Braiding Patterns - Stripes and Bands

Once you've mastered the braiding basics you'll want to create some braiding patterns. This way you'll made a variety of hair braid styles by combining different patterns and colours.

Hair braids are made up of blocks of patterns. Here we will look at stripe and band patterns. Other braiding patterns include knotting, twisting, criss-cross and spiral.

Double Stripe

The double stripe is created by wrapping two threads of differing colours at the same time. The stripe pattern is most effective when contrasting colours are used or when one of the threads is a glitter thread.

Triple Stripe

The triple stripe is created by wrapping three threads of differing colors at the same time.

In order to keep the braid tidy it is recommended that you start the pattern block with a double stripe for one or more wraps of the braid before picking up a third thread. Then to end the block first drop the third thread and repeat the double stripe to match the double stripe section at the start of the block.

Alternatively start the block with a single thread for one or more wraps and then pick up two more threads to create the triple stripe. Then end the pattern block by dropping the two threads that were added and wrap the single thread the same number of wraps to match the start of the block.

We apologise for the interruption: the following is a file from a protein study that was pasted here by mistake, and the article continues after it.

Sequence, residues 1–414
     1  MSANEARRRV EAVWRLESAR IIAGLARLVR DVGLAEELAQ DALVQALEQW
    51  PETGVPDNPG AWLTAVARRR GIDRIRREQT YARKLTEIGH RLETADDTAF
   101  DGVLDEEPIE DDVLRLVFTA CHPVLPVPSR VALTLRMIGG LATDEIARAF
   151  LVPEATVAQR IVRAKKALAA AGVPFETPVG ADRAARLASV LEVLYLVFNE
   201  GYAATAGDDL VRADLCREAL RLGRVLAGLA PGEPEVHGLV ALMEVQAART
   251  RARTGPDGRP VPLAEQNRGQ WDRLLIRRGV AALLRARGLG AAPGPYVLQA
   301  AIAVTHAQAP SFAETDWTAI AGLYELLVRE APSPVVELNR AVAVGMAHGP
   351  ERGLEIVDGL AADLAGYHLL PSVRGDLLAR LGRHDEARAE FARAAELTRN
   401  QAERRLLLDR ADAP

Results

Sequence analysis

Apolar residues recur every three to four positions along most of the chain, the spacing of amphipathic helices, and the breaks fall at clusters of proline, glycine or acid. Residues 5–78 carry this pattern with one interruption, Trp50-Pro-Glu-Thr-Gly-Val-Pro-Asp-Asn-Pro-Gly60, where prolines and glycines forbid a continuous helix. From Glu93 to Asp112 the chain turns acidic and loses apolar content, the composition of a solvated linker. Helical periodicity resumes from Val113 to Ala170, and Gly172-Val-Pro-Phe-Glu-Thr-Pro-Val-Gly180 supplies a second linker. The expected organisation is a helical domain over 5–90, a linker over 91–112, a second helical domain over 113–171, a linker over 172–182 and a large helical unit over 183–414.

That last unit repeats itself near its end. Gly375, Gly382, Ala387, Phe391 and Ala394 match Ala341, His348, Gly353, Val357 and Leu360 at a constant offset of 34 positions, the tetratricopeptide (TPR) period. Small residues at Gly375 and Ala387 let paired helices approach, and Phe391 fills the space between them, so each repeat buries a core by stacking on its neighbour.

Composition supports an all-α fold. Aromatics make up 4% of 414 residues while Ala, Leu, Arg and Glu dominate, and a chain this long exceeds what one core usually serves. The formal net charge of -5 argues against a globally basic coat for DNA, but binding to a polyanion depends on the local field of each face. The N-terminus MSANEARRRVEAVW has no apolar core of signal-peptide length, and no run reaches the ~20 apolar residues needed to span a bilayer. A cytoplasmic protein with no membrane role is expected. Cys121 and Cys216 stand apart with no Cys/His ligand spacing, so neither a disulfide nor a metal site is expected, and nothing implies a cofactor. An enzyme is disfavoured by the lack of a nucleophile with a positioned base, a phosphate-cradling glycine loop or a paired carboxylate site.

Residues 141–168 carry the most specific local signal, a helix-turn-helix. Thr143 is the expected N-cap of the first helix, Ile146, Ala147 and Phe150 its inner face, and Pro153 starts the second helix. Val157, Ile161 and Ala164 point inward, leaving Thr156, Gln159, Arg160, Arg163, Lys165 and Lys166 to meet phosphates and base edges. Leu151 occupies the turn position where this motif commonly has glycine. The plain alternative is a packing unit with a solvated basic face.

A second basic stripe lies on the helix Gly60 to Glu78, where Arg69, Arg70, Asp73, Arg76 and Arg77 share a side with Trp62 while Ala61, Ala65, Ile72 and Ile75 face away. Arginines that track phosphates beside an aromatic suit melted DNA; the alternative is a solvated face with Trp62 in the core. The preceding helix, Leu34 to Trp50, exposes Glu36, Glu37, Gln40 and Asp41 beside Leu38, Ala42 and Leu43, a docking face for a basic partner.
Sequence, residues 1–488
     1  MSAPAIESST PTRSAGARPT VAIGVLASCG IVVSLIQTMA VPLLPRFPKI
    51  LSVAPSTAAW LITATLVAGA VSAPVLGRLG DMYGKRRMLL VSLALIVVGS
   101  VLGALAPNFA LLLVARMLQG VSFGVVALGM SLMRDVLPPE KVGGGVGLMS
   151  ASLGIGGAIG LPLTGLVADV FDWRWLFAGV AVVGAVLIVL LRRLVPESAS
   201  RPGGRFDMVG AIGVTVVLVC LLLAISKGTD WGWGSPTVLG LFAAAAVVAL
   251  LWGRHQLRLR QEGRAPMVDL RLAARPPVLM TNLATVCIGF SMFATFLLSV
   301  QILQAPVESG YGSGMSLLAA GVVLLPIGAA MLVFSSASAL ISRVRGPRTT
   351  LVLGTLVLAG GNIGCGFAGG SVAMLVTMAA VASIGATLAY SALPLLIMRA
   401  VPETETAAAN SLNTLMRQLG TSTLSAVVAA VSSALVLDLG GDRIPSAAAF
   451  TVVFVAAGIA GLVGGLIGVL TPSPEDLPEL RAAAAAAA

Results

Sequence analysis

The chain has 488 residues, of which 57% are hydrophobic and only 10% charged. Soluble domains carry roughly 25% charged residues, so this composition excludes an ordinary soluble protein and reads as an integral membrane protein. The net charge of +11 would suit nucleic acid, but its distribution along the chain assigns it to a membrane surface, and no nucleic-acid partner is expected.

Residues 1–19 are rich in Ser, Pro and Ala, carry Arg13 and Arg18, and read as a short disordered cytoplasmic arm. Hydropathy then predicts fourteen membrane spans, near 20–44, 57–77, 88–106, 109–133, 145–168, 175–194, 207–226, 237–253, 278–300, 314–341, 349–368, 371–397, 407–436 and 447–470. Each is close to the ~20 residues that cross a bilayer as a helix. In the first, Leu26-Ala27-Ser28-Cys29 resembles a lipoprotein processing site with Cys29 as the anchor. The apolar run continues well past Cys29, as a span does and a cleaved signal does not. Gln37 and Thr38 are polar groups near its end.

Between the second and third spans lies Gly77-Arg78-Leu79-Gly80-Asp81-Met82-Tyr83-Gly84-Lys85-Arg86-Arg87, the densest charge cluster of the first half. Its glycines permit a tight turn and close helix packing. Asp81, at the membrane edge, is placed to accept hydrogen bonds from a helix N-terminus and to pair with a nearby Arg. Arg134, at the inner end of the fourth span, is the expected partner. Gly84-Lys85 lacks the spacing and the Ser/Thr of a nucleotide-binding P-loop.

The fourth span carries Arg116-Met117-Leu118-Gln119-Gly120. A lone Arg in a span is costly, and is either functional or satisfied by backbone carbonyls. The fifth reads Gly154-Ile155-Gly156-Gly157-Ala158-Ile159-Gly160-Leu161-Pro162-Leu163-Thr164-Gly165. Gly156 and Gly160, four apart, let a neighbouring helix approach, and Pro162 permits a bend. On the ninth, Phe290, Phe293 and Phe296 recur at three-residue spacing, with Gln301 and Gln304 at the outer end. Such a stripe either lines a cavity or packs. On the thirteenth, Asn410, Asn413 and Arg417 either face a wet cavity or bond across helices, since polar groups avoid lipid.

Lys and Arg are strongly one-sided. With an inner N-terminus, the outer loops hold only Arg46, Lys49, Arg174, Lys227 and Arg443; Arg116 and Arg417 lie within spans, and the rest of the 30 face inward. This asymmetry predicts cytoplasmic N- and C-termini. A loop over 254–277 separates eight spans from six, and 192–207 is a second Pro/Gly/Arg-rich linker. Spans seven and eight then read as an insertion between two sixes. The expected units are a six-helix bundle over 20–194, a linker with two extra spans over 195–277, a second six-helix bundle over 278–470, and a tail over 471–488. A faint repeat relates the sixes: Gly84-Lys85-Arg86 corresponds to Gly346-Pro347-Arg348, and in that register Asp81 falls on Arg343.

Each triple stripe method gives a different style pattern block.

Band Repeater

The simplest band pattern is to select two or more colours then to repeat them in order.

Long and Short Bands

This is a very simple but effective pattern block. Select a first thread and wrap approximately 2cm of the braid. Select a second thread and wrap a shorter section of braid, approximately 0.5cm. Now return to the first thread and repeat the shorter section with this thread. Finally repeat the longer section of wrapping using the second thread.

The style of the pattern can be varied by changing the relative proportions of the short and long sections.

In and out block pattern

This is called the in and out or mirrored pattern because the colours go in towards the centre and then out again. Start by making a large block of one colour, between 10 and 20 winds with 2 threads the same. Then pick up a single thread of a different colour and make 4 single winds with this thread. Do the same with each remaining colour in turn. When you have used the last colour, pick up the one you used just before it and make 4 winds again. Then the one before that. Keep going until you get back to the colour you made the large block with. Make another matching block with the same colour again. You have now finished the pattern.

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